The last of three Rwandan guerrillas who once faced U.S. death-penalty terrorism charges for a massacre of Western tourists two decades ago was deported from the U.S. to Australia last week, victims’ family members said.
Francois Karake, 55, was released from an immigration detention center in Miami last Tuesday and arrived in Australia on Thursday. He spent more than 16-and-a-half years in U.S. custody after being accused with two other men of first-degree murder over their involvement in the slayings of two Americans and six other Western tourists, along with at least one local guard, during a 1999 rampage through a gorilla-watching preserve in Uganda.
An exclusive POLITICO report in May detailed how Australia was asked to take the trio of Rwandan guerrillas as part of a secretive “refugee swap” deal with America struck in the final months of U.S. President Barack Obama’s second term. U.S. President Donald Trump publicly and privately trashed the pact with Australia as unfair to the U.S., but was ultimately persuaded to stifle his objections and let it proceed.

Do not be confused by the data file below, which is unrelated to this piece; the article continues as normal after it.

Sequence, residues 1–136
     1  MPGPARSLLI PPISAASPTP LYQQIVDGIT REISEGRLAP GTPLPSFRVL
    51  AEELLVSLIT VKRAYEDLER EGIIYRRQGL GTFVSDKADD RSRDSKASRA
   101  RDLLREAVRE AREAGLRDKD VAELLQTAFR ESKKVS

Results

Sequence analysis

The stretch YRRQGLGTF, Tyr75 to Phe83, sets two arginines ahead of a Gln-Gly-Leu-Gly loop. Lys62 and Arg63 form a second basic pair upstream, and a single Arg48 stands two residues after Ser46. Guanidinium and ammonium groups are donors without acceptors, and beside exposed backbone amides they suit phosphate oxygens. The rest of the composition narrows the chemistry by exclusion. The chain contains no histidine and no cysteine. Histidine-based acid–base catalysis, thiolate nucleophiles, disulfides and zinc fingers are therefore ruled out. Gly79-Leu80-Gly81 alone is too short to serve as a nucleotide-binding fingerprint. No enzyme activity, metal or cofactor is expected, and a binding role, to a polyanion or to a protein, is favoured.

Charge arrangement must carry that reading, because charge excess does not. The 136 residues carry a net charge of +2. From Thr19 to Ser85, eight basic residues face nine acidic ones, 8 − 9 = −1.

The criminal case against the three former fighters for the Army for the Liberation of Rwanda fell apart in 2006 after a judge in Washington found that confessions from the men — all Hutus — were the product of torture at the hands of Rwandan officials from the rival Tutsi clan. The three defendants then languished in immigration custody for more than a decade as they fought being returned to their homeland, citing fears they’d again face the same kind of torture the judge found they were subjected to earlier.